You Can’t Always Get What You Want

April 27, 2009 at 3:40 pm Leave a comment

There is a famous story about a saddhu, an Indian holy man, who wandered the country without possessions. When he was hungry people fed him; when he was tired he lay down to sleep. He was as naked as the day he was born.

One day the Saddhu made a terrible error by wandering into the tent of a Muslim Chieftain. Two of the women screamed and the Chieftain picked up his sword and slashed at the Saddhu, cutting off his arm. The Saddhu, bleeding heavily, calmly turned and walked away.

The Chieftain, shocked at what he had done, picked up the arm and took it outside to find the Saddhu. When he caught up to him the Saddhu stuck his arm back into place and turned away. But the Chieftain said, “Before you go, please give me some words of wisdom.”

The Saddhu said,

If you do not do what you want to do,

You may get to do what you like.

When the Chieftain heard these words, he left his home and followed the Saddhu as a disciple.

What did he mean by this saying? Is there an important difference between doing what we want to do (our desires) and what we like (what is good for us)? And if this difference is significant, then how can we make sure we know how to tell this difference?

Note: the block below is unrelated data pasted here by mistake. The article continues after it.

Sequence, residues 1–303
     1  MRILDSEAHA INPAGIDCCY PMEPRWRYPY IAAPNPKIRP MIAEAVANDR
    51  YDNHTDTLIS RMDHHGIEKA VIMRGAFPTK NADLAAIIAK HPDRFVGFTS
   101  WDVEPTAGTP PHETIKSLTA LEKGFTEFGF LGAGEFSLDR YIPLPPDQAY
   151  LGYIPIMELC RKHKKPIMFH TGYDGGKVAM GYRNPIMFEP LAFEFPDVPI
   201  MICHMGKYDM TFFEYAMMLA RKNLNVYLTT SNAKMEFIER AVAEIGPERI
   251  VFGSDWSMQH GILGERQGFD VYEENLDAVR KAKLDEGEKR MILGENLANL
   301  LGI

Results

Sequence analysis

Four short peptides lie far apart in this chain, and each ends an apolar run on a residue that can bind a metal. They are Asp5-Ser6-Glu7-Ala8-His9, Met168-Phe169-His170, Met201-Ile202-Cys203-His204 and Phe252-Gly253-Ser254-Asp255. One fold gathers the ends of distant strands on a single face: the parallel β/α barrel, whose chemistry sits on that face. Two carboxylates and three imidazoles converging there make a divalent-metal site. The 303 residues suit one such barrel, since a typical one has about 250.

As the Tao te Ching says,

Always desiring,

See only the surface.


See the essence.

To get to the bottom of things, to really experience the profound, we need to gain control of our desires. Without this, by blindly following our desires, we only scratch the surface of life. We need to learn how to gain control of our desires and so learn a more meaningful and deeper relationship to life. And in doing so, we learn how to live healthier and longer.

Entry filed under: Ancient wisdom.

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The Blog That Fell From The Sky

Reflections on an age of anxiety.


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